Also, builders can improve performance by staggering the subfloor joints so they don’t run along the same joist length and by fastening the panels to the floor frame in the code-prescribed pattern with ring-shank nails or screws. “It creates an integral system that reduces soft spots in the floor,” says Lewis. To wit, simply nailing the subfloor to TJI joists reduces their allowable span by 6 inches, a testament to the impact of an integral system on joist deflection and overall floor performance.
Such attention to detail also is likely to significantly reduce the potential for nails and metal connectors to work loose over time, resulting in floor squeaks.
“The fewer fasteners and hardware you have, the less chance there is for noise,” says Mooney. And, if blocking is required by code for longer spans to manage lateral loads and perhaps boost stiffness, they should be face-nailed to the joists.
“Keep it simple but do it well,” Mooney says.
He also notes that the younger trees used to produce lumber today need more time to properly reach an equilibrium moisture content before installation, if one hopes to reduce the shrinking and twisting that can also cause nails to lose their grip.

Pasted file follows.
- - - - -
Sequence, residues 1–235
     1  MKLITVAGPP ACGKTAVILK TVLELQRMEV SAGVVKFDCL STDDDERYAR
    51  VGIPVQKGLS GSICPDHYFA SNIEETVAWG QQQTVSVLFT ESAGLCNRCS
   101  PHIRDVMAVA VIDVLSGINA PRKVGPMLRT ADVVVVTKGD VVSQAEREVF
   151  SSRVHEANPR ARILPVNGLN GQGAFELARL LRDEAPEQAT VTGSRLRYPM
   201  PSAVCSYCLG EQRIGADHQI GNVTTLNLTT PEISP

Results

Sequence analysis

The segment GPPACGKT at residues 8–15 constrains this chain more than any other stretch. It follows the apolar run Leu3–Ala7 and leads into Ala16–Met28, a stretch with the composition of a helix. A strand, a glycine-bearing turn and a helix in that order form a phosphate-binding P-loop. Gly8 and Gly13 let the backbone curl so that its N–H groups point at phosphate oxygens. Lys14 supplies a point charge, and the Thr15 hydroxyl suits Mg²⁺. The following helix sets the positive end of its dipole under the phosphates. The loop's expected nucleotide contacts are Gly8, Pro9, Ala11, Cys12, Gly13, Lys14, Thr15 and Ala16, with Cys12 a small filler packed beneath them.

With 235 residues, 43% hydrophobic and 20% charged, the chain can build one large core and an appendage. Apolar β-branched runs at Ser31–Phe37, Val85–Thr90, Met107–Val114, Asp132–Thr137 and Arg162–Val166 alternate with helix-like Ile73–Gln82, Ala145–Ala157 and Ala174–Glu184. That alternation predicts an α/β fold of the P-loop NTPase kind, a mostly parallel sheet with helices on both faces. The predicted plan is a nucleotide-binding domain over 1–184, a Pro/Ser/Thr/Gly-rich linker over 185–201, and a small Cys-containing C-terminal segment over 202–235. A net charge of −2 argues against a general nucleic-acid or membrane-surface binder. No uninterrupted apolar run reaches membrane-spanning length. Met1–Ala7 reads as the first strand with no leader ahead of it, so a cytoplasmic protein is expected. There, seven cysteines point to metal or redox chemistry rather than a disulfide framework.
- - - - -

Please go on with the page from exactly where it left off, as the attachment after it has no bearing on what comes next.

Test Your Limits. Most builders and framers, says Mooney, simply follow the code-minimum span tables out of convenience and habit—and perhaps an aversion to spending money for some extra engineering of their framing plans.
Dealers, however, can leverage software from engineered lumber manufacturers to virtually build various combinations of joists and subflooring that meet or exceed code. Even better, each scenario can be “scored” for performance and presented with a cost based on the dealer’s pricing structure—down to the last hanger or tube of glue—before issuing a purchase order.
Perhaps even more so than knowing how to read a span table, such electronic tools can establish a dealer as far more than a materials supplier when it comes helping builders and framers reduce callbacks and retain profits.